Cécilia Formation 2 (pPce2): Alkaline Basalt, Basanite, Phonolite and Trachyte
This unit consists of an alkaline basaltic sequence in the Kenty Lake area. Ankaramitic basalt forms several flows inserted in volcaniclastics. These flows consist of volcanic breccia and scoriae in the basal section, massive basalt in the middle portion and volcanic breccia in the summital section. The volcanic flow is characterized by the presence of black pyroxene or brown hornblende microphenocrystals in an aphyric volcanic groundmass, which is black-grey to dark green-grey in fresh exposure (Picard, 1989a).
Trachyandesite consists of a massive volcanic flow sequence that overlies volcaniclastics and ankaramitic basalt. It has a microlitic and microporphyritic texture with 4 to 5% K-feldspar and plagioclase rods. Rock outcrops in the northern part of the Povungnituk Group, SE of Nuvilic Lakes, display several massive flows, which are locally pillowed and interstratified with volcanic breccia (Picard, 1989a).
Cécilia Formation 3 (pPce3): Rhyolite and Felsic Volcanic Rocks
These rocks form several isolated edifices of limited extension (a few hundred metres) for a thickness of a few tens of metres. They consist only of massive and aphyric flows that are light grey in altered patina and green grey in fresh exposure. The rock is locally highly sheared and has many microfractures containing fluorine traces (Picard, 1989a).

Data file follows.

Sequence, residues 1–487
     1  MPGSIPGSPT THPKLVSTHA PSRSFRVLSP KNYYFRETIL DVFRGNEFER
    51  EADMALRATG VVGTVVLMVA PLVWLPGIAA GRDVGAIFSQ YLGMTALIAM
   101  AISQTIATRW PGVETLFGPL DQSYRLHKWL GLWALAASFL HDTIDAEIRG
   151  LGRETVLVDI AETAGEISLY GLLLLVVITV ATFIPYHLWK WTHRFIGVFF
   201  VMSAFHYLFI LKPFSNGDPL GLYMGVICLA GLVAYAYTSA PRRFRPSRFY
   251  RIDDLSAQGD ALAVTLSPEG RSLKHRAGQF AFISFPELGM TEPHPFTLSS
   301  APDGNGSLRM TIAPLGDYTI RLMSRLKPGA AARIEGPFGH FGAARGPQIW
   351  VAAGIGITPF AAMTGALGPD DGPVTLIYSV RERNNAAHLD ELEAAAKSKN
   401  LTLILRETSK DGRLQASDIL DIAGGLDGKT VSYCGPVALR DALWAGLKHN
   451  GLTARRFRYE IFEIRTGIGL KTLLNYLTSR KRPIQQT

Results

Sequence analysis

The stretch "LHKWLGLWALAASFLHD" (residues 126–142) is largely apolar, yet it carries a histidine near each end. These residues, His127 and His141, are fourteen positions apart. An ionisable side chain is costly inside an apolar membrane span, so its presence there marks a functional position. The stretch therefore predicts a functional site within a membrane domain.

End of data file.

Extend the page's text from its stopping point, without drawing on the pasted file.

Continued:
Cécilia Formation 4 (pPce4): Siltstone, Sandstone and Conglomerate
This unit consists of mainly detrital sedimentary rocks such as siltstone, sandstone, conglomerate and phyllite. There are also a few beds of limestone, dolomitic limestone and chert.
Thickness and Distribution
The Cécilia Formation forms a ~108 km-long strip in the central section of the Southern Domaine, between Forcier Lake (sheet 35G08) and the western end of Chukotat Lake (sheet 35G05).
A rhyolite layer in the central part of the Cécilia Formation was dated 1958.6 +3.1/-2.7 Ma by the U-Pb method on zircons (Parrish, 1989).
|Sample||Isotopic System||Mineral||Crystallization Age (Ma)||(+)||(-)||Reference(s)|
|SAB-Z1-84||U-Pb||Zircon||1958.6||3.1||3.1||Davis et al., 2014|
The Cécilia Formation is associated with an alkaline volcanic phase of local extent dated 1959 ±3 Ma. This unit marks the end of tholeiitic volcanism in the Povungnituk Group and the beginning of a phase consisting essentially of alkaline explosive volcanism punctuated by quiet periods, allowing for the deposition of clastic and chemical sediments. The lower contact of the Cécilia Formation is conformable with the Beauparlant Formation, while its upper contact is overthrusted by magnesian basalt of the Chukotat Group. To the west of Chukotat Lake, the Cécilia Formation disappears and is replaced laterally, in thrust contact, by the Nuvilic volcano-sedimentary Formation. Detrital sedimentary rocks of this latter unit have a chemical composition that is highly enriched in light rare earths and Zr, hence are believed to result from erosion of the Cécilia Formation (Giovenazzo et al., 1991; Moorhead, 1996a).
Does not apply.